Oftentimes, post-loss comments from players are a regurgitation of what Krzyzewski says to the team in the locker room before opening up the room to the media. In fact, it sounds rehearsed at times.
While this was clearly the message that was presented to them following the loss by Krzyzewski and the rest of the coaching staff, there was emotion attached to Moore’s response.
And to be honest, much of that likely comes from disappointing their coach. Typically, such efforts might draw more anger from Krzyzewski, and maybe it did in the locker room, but he was subdued following the loss. Player responses to the two – anger and disappointment – are often very different.
Johnson, who finished with 24 points, 15 rebounds, seven assists, four blocks, two steals and zero turnovers, didn’t want to talk much about his individual effort. Instead, he wanted to talk about how he and his team didn’t do their job to start the game.
“It’s the game plan before the game,” Johnson said when asked what Duke has to do to get off to better starts. “The main thing on the board was be hungry, have toughness – we’ve got to box out. It wasn’t foreign to us.
“We knew the game plan and what we needed to do to win. We just didn’t execute it like we should’ve.”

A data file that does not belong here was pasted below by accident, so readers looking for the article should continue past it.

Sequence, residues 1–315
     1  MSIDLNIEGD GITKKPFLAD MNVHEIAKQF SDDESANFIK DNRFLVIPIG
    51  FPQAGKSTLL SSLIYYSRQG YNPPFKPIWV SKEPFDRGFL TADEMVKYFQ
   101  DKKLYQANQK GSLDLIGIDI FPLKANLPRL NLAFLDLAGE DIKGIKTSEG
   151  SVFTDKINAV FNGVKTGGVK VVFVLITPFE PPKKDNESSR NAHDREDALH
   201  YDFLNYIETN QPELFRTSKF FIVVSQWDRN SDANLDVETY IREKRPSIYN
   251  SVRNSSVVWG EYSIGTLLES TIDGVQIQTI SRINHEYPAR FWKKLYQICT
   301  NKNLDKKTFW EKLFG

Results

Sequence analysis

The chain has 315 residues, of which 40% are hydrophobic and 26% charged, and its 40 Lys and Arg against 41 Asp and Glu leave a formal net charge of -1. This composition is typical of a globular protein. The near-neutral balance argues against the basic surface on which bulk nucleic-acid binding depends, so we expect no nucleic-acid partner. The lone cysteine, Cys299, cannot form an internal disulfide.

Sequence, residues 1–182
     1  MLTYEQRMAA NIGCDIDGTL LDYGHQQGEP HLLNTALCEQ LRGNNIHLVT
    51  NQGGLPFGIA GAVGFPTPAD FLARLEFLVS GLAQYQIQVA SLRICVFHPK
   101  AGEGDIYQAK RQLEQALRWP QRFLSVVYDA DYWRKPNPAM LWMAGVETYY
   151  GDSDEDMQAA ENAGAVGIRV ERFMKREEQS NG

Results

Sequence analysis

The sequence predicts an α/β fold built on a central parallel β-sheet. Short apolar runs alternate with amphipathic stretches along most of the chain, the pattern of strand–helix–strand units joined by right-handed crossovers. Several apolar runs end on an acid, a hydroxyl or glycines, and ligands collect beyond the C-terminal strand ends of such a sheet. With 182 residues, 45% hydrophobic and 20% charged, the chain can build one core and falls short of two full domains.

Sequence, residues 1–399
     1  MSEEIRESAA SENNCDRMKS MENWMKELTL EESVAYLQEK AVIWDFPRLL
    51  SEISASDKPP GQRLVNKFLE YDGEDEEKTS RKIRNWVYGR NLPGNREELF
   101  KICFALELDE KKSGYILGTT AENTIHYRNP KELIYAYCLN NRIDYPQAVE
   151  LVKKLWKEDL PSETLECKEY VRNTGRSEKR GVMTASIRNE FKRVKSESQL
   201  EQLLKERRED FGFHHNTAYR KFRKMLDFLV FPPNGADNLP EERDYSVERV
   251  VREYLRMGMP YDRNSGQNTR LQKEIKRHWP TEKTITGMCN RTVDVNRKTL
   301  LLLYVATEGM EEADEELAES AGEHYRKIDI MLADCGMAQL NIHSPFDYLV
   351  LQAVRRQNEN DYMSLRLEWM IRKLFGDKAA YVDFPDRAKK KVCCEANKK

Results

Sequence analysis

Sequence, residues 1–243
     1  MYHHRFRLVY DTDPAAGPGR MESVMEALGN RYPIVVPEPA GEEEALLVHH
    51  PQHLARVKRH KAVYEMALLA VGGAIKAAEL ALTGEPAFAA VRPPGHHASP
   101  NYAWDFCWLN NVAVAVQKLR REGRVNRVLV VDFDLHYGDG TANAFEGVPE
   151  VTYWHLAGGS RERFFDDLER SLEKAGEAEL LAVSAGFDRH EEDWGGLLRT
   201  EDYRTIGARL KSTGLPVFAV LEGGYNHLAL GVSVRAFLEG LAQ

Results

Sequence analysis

Again, their coach’s disappointment seemed to have hit home with the team.
“The most disappointing thing for me was our start,” Krzyzewski said. “We have practiced so hard, tried different things, and for me to have to call a timeout after two minutes is not acceptable. It’s just not acceptable. You’re down 10 to nothing or whatever it was. To me that was the most disappointing thing – is how we started.”
In addition to his frustration with Duke’s slow start, Krzyzewski was not all that pleased with the Blue Devils inability to complete free throw opportunities, or on the flip side, keep the Panthers off the line.
Duke committed 24 fouls, giving Pitt 37 free throw attempts in the game. In fact, the Panthers made more free throws (24) than Duke attempted (19). Pitt made just 64.9% of those tries, but the Blue Devils were worse, making only 11 of their attempts, good for just 57.9%.